WASHINGTON — The filibuster has been used to delay many things over the years: civil rights, spending bills, presidential nominees and, most recently, Obamacare. But this may be the first time in history that a group of senators filibustered themselves.
About 30 Democratic senators — calling themselves the Senate Climate Action Task Force — kept the Senate open overnight Monday into Tuesday morning. “We’re not going to rest until Congress wakes up and acts on the most pressing issue of our time,” declared Sen. Brian Schatz of Hawaii, the organizer of the sleepless senators.
Seeking action on global warming is a worthy endeavor, and the night owls deserve praise for the enthusiasm. But burning the midnight oil in this manner is peculiar. Usually, when a lawmaker talks all night, he’s trying to stop the majority from passing something. But these guys are trying to persuade the majority — themselves — to pass something.
Joining the late-night guerrilla action was Harry Reid, D-Nev., who as the Senate majority leader is usually a target of filibusters, not a sponsor. If he and his colleagues really want action, they don’t have to lose sleep. They could bring a climate-change bill to the floor.
The problem is that Reid doesn’t have the votes in his caucus to pass such a measure. A year ago, the last time the Senate considered a fee on carbon emissions, 13 Democrats joined with all 45 Republicans in defeating it. Democrats facing difficult re-election fights this year were conspicuously absent from Monday night’s lineup.
“I think if we went immediately to a vote we probably wouldn’t be successful,” said Sen. Sheldon Whitehouse of Rhode Island, an organizer of the all-nighter.
Reid, who kicked off the 13-hour talkathon at 6:30 p.m., didn’t mention the problems among his fellow Democrats. He praised his colleagues for “standing up to the deniers” and “the oil-baron Koch brothers and their allies in Congress.”
Apparently, those allies were not intimidated by the Democrats’ late-night show. Sen. Jim Inhofe, R-Okla., crashed the party, needling his colleagues for more than half an hour. “All night long? That’s going to be fun,” said Inhofe, who calls global warming a “hoax” and frequently sights cold snaps as confirmation. “They’ll have an audience of themselves and I hope that they enjoy it.”
The participants did seem to enjoy it. They had a Twitter hashtag, #Up4Climate, and gave energetic speeches long and short on the science of climate change. The Democrats were taking a page from the playbook of Texas Republican Sen. Ted Cruz, who held an all-nighter on the Senate floor in the fall opposing Obamacare, and Kentucky’s Rand Paul, who staged a talkathon last spring in opposition to President Barack Obama’s nominee for CIA director.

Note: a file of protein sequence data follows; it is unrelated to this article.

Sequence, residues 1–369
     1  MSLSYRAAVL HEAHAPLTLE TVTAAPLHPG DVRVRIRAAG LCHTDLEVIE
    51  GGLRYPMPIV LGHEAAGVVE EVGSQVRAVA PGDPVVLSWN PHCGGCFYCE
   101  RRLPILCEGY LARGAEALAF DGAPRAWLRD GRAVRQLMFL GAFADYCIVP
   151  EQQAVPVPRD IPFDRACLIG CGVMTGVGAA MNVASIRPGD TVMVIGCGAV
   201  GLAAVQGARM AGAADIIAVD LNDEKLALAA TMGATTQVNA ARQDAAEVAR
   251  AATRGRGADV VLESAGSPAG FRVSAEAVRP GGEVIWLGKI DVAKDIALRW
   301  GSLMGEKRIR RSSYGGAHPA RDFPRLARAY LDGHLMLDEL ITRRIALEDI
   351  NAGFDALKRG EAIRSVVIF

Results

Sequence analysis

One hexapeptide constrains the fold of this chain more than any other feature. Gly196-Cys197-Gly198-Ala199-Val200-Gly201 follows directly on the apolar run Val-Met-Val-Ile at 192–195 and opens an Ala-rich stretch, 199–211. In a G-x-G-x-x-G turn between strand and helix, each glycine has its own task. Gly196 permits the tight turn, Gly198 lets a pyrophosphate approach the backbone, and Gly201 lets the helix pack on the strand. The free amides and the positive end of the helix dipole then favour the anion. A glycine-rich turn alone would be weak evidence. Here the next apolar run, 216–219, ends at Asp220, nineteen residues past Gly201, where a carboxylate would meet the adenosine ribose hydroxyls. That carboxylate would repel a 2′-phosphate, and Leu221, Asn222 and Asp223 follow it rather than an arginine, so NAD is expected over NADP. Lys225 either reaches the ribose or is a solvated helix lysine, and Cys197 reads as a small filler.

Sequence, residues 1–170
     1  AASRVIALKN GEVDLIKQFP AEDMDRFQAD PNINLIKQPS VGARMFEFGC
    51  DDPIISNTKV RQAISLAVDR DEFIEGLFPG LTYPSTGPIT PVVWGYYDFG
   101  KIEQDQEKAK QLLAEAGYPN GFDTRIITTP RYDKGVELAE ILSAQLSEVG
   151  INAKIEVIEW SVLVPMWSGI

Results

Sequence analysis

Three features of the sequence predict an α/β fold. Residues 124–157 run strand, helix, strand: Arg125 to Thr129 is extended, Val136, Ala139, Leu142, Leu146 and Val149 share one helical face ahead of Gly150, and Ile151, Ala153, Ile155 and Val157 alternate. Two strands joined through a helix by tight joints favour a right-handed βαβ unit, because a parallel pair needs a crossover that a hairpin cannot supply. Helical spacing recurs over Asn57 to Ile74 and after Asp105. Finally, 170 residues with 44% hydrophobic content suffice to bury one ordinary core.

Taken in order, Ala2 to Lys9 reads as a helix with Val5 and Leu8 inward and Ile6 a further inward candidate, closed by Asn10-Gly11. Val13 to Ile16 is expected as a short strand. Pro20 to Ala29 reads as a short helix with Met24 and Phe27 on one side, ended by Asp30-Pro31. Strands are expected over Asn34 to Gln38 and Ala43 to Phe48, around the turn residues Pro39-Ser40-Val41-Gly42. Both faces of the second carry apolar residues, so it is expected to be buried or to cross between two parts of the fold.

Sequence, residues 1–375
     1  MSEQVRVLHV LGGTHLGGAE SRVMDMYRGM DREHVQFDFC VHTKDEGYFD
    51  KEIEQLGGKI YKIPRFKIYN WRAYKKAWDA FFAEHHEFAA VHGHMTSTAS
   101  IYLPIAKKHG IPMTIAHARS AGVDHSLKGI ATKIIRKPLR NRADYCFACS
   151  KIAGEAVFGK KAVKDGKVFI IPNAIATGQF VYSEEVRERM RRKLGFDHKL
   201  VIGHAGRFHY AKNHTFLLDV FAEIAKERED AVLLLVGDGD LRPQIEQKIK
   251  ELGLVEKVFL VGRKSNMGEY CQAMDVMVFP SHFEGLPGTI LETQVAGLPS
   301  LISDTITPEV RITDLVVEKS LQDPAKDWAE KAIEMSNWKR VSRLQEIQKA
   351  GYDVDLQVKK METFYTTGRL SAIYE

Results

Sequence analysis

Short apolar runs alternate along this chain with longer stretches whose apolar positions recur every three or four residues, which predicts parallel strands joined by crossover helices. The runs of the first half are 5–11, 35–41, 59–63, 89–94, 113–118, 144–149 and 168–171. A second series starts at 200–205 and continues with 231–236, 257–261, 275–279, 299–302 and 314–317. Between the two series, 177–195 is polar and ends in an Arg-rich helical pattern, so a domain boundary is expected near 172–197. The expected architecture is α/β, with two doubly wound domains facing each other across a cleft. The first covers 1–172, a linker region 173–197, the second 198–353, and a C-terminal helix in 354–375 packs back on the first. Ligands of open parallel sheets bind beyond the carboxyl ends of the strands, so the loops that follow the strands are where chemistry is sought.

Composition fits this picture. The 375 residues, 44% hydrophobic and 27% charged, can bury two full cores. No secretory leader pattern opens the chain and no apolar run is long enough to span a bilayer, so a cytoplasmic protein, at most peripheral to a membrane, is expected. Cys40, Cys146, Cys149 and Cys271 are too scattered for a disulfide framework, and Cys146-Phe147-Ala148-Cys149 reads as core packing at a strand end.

The Democrats’ action — the 35th all-night session in Senate history — isn’t technically a filibuster (Cruz’s wasn’t either, for that matter) because they aren’t delaying anything.
But the magic of the filibuster is that it’s a test of human stamina: The speaker can’t leave the floor, so the speech lasts as long as the bladder does. By using a tag-team approach, the Democrats weren’t enduring anything but a lost hour or two of sleep.
Still, they figured their antics in the wee hours would display their dedication for all Americans to see, or at least insomniacs who watch C-SPAN2. It also might impress Democratic donors. As The Washington Post’s Ed O’Keefe reported, Democratic senators discussed plans for the filibuster last month at a fundraiser held by liberal billionaire Thomas Steyer.
“We hope that by (senators) staying up all night to discuss climate change, tomorrow will signal a new dawn of climate-change action in Congress,” said Sen. Ed Markey of Massachusetts.
That’s a lofty sentiment, but there’s no real prospect of the Senate, much less the Republican-controlled House, moving to limit carbon emissions in the next few years. For now, environmentalists are putting their hope in Obama’s Climate Action Plan, which includes efforts by the Environmental Protection Agency to limit carbon dioxide emissions from power plants and other polluters. At the same time, efforts to boost efficiency and alternative fuels have begun to reduce Americans’ carbon output.
That’s about all that can be done for now, organizers of the all-nighter acknowledged. In fact, the sleepless senators weren’t advocating any particular action on climate change. “Tonight is not about a specific legislative proposal,” Whitehouse said. “It’s about showing the environmental community … that the Senate is starting to stir.”
Starting to stir. But it won’t awaken with so many Democrats hitting the snooze button.
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